Administration removes photo from gallery

School censors art department from hanging potentially offensive art

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After the administration removed a photo intended for display in the New Trier Art Gallery from the selection of pieces for the January show, questions surrounding the complicated situation propagated discussion about the role of art, specifically this piece, in school.

The artist, New Trier parent Maggie Meiners, created the photo in 2015 as part of a body of work based on paintings by the artist Norman Rockwell.

Her photo, titled The Dream Act, portrays a young girl surrounded by border patrol agents before a wall defaced with racist graffiti and paralleling Rockwell’s well known painting “The Problem We All Live With,” depicting Ruby Bridges walking to school flanked by white federal marshals with different racist graffiti.

“Each photo I created includes details directly from the original Rockwell paintings themselves.  Due to the nature of my photo, the racial slur changed, but still provided the impact that everyone was not on board with the changes being made to allow equal opportunities for all,” said Meiners.

In light of the recent incidents where racist graffiti was found in multiple bathrooms closer to home at New Trier, Alicia Landes, the head of the Art Department, sent the photo to the administration to assess the nuances of including the photo in the gallery.

After considerable deliberation, the administration decided to take the photo out of the gallery- a decision they’ve has never made before.

“There have been other political pieces before, but for a few reasons, we decided that this was the right decision at that time,” said Assistant Superintendent for student services Timothy Hayes.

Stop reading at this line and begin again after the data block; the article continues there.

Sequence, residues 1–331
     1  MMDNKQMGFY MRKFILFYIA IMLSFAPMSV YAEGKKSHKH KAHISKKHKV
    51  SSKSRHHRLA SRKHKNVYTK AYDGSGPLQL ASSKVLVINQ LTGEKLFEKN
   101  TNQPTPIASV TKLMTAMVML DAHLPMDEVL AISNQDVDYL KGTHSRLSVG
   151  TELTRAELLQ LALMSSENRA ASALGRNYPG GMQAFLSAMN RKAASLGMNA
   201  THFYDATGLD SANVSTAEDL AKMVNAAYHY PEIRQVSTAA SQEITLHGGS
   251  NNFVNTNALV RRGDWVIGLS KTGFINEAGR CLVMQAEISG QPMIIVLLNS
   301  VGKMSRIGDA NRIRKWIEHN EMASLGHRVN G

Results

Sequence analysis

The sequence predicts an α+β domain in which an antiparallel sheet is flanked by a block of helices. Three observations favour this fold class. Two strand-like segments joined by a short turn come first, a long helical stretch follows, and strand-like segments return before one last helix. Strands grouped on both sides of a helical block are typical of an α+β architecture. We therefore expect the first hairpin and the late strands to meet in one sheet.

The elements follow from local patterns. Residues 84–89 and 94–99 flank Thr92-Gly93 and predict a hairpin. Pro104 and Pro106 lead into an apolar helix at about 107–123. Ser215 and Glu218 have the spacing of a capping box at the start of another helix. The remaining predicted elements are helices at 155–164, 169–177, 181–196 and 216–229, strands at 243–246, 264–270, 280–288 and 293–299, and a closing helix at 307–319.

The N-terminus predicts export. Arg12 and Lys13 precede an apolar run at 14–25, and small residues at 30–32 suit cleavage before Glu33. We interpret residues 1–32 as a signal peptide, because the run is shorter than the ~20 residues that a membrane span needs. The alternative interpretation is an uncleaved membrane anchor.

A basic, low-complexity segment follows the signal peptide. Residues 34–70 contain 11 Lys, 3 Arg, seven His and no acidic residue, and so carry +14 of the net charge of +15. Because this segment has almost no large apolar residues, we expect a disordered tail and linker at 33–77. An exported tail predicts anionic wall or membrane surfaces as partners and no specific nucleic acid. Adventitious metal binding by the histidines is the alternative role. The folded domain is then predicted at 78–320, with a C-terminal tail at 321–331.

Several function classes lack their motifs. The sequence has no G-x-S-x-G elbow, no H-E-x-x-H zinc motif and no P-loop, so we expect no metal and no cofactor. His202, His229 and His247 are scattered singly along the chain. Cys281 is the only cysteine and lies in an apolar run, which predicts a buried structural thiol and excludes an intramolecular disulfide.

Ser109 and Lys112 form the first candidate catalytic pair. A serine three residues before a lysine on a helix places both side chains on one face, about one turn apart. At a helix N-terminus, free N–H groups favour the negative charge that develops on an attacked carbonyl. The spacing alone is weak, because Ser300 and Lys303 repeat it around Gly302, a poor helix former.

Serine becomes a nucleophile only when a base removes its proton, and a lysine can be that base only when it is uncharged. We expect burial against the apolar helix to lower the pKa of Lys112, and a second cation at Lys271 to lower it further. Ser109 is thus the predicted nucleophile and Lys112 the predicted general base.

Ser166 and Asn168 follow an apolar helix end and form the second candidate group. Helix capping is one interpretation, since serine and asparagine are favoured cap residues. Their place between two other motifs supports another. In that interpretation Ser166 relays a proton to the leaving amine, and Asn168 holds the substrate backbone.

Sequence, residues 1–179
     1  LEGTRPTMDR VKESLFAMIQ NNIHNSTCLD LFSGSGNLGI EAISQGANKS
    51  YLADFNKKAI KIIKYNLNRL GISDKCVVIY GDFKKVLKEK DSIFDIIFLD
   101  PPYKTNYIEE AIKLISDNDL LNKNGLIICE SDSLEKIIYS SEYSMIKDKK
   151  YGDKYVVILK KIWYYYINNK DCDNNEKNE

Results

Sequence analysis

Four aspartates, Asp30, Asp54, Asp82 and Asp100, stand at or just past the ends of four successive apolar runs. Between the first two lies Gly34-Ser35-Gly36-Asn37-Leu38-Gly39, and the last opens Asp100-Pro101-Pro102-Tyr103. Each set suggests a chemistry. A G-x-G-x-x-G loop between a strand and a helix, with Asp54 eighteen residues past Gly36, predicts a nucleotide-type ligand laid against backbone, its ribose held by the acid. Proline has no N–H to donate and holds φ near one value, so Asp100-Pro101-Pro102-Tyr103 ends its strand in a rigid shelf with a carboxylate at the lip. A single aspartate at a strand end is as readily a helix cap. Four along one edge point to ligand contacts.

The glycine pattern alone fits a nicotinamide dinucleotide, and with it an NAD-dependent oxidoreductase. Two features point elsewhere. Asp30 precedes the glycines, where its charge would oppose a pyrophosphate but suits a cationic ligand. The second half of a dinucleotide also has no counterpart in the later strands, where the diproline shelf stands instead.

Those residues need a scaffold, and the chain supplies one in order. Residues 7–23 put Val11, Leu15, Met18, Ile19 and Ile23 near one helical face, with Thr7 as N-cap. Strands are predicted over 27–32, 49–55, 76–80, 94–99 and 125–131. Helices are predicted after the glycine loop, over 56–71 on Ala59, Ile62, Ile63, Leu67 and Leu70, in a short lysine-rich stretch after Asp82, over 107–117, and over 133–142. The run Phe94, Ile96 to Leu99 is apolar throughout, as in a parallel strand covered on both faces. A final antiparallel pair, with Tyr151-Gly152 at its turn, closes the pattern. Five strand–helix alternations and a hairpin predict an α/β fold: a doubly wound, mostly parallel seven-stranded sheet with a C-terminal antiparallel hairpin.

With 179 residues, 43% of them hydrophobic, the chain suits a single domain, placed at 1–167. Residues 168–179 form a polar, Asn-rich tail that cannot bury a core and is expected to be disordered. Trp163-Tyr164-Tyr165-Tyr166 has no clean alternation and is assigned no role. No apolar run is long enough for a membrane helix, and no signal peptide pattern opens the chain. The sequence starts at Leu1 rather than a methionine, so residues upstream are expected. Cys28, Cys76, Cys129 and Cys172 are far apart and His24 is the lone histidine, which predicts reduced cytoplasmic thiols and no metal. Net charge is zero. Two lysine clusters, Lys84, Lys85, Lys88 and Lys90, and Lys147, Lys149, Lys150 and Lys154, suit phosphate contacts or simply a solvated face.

In addition to the timing being so close to the racist graffiti incident, Hayes cited fear that the art could be taken out of context.

“We want art to be provocative, but we felt that with this photo there’s no context or conversation happening alongside it. Some are going to see this as a commentary on US immigration policy, which is the author’s intention, and it also seemed reasonable that others are going to see the situation as hypocritical: ‘I can’t write it on the walls, but the school can put it in art?’” he said

Junior Bri Perez, a member of Spanish Club said, “I wish they would’ve kept it. It seemed like they didn’t trust us to be able to figure this out on our own. But, I don’t understand why they couldn’t put a description or discussion questions of the situation next to the photo. They could’ve put the original Rockwell photo next to it too. ”

However, while the administration did discuss adding these supplements to the gallery with the photo, they ultimately decided that having Meiners talk about her piece in the classroom was the best option.

“I think the Administration was put in a tough position and they handled it beautifully,” said Meiners. “It is very clear to me that NT, being an academic institution is a great place to discuss uncomfortable issues, and I know they saw it as an opportunity to do so. Yet, they had to act responsibly in light of recent incidents and found a great neutral way for some of these issues to be addressed while providing a safe environment to discuss such provocative issues.”

As a photography student, Perez got to see Meiners speak in her photography class. “It was really cool to hear her explain it. Especially to hear her explain the ambiguity of whether the girl was entering the country or being deported,” she said. Perez explained that she had initially seen the girl as being deported whereas some other of her classmates had seen her as entering the country, raising questions about how our past experiences influence our interpretation of the photo.

Perez, whose mother is an immigrant, said that she and her family are well aware of the ramifications of ethnic slurs specifically on the latinx immigrant population.

“It felt like they were trying to protect us from something we already know and experience in our daily lives, so by taking the photo out, they were, I guess, protecting ignorance about the racial and social issues that immigrants face. Not to mention, there are way worse words I’ve heard used against us than the one the photo.”

Junior Spanish club member and photography student, Emmie Osuna, also has a personal connection to the political messages of the photo.

“I’m glad she was able to come to New Trier,” said Osuna, “but at the same time she didn’t get to come to my photography class, so I wasn’t able to see her. I think having it in the gallery would’ve been a really great opportunity for other students who aren’t forced to confront these issues in their daily lives to learn more about how these issues affect us and other immigrant families.”

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